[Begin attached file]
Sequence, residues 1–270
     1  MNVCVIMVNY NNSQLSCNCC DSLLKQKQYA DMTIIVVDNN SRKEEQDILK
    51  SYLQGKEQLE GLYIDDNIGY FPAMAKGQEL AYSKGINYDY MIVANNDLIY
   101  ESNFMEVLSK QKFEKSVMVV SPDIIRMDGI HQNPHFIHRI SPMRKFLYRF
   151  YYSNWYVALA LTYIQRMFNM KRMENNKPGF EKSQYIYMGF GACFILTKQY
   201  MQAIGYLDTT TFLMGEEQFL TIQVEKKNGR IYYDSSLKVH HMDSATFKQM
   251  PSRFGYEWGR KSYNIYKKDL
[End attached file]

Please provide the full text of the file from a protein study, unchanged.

Sequence, residues 1–270
     1  MNVCVIMVNY NNSQLSCNCC DSLLKQKQYA DMTIIVVDNN SRKEEQDILK
    51  SYLQGKEQLE GLYIDDNIGY FPAMAKGQEL AYSKGINYDY MIVANNDLIY
   101  ESNFMEVLSK QKFEKSVMVV SPDIIRMDGI HQNPHFIHRI SPMRKFLYRF
   151  YYSNWYVALA LTYIQRMFNM KRMENNKPGF EKSQYIYMGF GACFILTKQY
   201  MQAIGYLDTT TFLMGEEQFL TIQVEKKNGR IYYDSSLKVH HMDSATFKQM
   251  PSRFGYEWGR KSYNIYKKDL